We’re curious to learn about some of the common issues users face when working with data. In our Case Study series, we are highlighting projects and organisations who are working with the Frictionless Data specifications and tooling in interesting and innovative ways.
How do you use the specs and what advantages did you find in using the Data Package approach?
We deal with a great diversity of data, both in terms of content and in terms of source format - most people working with data are emailing each other spreadsheets or CSVs, and not formally defining schema or semantics for what’s contained in these data files.
When data.world ingests tabular data, we “virtualize” the tables away from their source format,
and build layers of type and semantic information on top of the raw data. What this allows us to do is to produce a clean Tabular Data Package1 for any dataset, whether the input is CSV files, Excel Spreadsheets, JSON data, SQLite Database files - any format that we know how to extract tabular information from - we can present it as cleaned-up CSV data with a
datapackage.json that describes the schema and metadata of the contents.
What else would you like to see developed?
Graph data packages, or “Universal Data Packages” that can encapsulate both tabular and graph data. It would be great to be able to present tabular and graph data in the same package and develop tools that know how to use these things together.
To elaborate on this, it makes a lot of sense to normalize tabular data down to clean, well-formed CSVs or data that more graph-like, it would also make sense to normalize it to a standard format. RDF2 is a well-established and standardized format, with many serialized forms that could be used interchangeably (RDF XML, Turtle, N-Triples, or JSON-LD, for example). The metadata in the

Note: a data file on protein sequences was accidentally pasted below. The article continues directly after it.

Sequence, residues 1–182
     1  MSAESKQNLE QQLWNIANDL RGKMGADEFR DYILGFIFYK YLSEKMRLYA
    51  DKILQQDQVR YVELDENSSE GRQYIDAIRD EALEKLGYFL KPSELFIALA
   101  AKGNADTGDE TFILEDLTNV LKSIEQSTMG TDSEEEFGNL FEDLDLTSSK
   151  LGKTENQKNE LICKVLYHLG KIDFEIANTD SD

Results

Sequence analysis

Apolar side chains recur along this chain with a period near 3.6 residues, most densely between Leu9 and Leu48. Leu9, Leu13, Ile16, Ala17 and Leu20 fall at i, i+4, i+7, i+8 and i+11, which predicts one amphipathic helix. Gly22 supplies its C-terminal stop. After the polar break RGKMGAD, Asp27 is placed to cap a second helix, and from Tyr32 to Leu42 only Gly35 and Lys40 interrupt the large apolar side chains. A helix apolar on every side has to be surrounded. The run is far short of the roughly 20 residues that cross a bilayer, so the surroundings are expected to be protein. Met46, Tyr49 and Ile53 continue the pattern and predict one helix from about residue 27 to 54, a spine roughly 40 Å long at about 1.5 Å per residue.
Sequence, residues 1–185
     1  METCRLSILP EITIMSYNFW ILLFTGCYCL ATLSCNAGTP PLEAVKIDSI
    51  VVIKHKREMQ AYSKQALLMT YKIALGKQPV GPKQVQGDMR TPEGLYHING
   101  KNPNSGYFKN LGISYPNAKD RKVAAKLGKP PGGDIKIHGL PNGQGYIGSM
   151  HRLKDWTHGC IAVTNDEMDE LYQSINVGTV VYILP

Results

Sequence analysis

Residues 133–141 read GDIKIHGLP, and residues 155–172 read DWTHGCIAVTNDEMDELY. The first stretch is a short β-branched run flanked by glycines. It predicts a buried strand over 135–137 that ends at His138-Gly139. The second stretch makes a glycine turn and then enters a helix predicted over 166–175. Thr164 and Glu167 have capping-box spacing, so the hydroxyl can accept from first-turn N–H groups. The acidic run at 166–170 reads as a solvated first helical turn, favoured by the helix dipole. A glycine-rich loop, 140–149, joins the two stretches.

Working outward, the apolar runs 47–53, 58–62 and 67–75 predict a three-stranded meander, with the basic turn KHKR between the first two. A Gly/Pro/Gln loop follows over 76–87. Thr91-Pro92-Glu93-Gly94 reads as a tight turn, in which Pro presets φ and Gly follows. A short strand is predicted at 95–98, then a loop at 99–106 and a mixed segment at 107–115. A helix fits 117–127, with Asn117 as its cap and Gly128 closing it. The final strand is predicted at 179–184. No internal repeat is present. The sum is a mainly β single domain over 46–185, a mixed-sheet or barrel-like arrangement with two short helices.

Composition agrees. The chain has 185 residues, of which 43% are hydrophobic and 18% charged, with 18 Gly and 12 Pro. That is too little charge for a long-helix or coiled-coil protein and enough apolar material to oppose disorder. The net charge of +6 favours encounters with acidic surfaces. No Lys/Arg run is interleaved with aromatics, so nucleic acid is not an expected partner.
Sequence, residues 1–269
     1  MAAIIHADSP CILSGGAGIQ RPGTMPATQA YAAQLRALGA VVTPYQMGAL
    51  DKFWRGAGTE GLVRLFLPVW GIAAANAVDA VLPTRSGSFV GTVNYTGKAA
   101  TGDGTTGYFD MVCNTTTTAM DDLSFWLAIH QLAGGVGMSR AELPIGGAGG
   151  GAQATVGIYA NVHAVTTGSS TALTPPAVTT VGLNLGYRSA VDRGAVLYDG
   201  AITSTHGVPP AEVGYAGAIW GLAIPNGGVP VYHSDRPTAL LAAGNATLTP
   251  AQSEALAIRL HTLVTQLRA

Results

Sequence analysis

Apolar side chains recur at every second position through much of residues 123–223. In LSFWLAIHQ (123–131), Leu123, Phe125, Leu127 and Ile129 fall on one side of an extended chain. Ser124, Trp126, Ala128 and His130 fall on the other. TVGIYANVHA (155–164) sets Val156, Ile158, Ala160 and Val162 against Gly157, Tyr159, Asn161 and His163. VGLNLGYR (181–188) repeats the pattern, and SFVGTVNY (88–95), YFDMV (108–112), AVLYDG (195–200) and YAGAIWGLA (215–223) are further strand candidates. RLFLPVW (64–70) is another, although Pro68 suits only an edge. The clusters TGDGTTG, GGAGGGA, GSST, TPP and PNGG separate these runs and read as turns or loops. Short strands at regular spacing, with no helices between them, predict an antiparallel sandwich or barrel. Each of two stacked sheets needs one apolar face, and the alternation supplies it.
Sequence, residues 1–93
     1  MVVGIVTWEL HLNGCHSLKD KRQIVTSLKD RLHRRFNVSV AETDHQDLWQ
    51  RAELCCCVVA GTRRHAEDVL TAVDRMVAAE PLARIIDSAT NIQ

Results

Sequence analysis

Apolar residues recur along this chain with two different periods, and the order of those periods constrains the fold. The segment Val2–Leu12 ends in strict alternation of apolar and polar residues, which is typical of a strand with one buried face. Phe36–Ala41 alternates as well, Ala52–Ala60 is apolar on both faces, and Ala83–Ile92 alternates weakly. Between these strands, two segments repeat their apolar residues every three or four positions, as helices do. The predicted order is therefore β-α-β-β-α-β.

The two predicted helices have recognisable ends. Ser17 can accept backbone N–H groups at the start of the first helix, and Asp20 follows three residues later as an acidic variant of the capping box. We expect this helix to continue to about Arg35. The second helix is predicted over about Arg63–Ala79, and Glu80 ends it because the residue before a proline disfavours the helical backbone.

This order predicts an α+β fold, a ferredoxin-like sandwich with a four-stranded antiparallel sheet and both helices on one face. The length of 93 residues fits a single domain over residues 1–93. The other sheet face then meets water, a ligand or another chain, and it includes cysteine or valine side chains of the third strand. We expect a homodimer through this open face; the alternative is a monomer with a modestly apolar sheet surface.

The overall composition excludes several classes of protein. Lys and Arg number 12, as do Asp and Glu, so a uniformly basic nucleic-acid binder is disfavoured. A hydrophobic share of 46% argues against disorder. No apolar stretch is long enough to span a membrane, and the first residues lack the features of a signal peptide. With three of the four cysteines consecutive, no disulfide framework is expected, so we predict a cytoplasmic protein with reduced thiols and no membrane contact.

datapackage.json would be extremely minimal, since the schema for RDF data is encoded into the data file itself. It might be helpful to use the
datapackage.json descriptor to catalog the standard taxonomies and ontologies that were in use, for example, it would be useful to know if a file contained SKOS3 vocabularies, or OWL4 classes.
What are the next things you are going to be working on yourself?
We want to continue to enrich the metadata we include in Tabular Data Packages exported from data.world, and we’re looking into using
datapackage.json as an import format as well as an export option.
How do the Frictionless Data specifications compare to existing proprietary and nonproprietary specifications for the kind of data you work with?
data.world works with lots of data across many domains - what’s great about the Frictionless Data specs is that it’s a lightweight content standard that can be a starting point for building domain-specific content standards - it really helps with the “first mile” of standardizing data and making it interoperable.
What do you think are some other potential use cases?
In a certain sense, a Tabular Data Package is sort of like an open-source, cross-platform, accessible replacement for spreadsheets that can act as a “binder” for several related tables of data. I could easily imagine web or desktop-based tools that look and function much like a traditional spreadsheet, but use Data Packages as their serialization format.
Who else do you think we should speak to?
Data science IDE (Interactive Development Environment) producers - RStudio, Rodeo (a Python IDE for Data), anaconda, Jupyter - anything that operates on Data Frames as a fundamental object type should provide first-class tool and API support for Tabular Data Packages.
What should the reader do after reading this Case Study?
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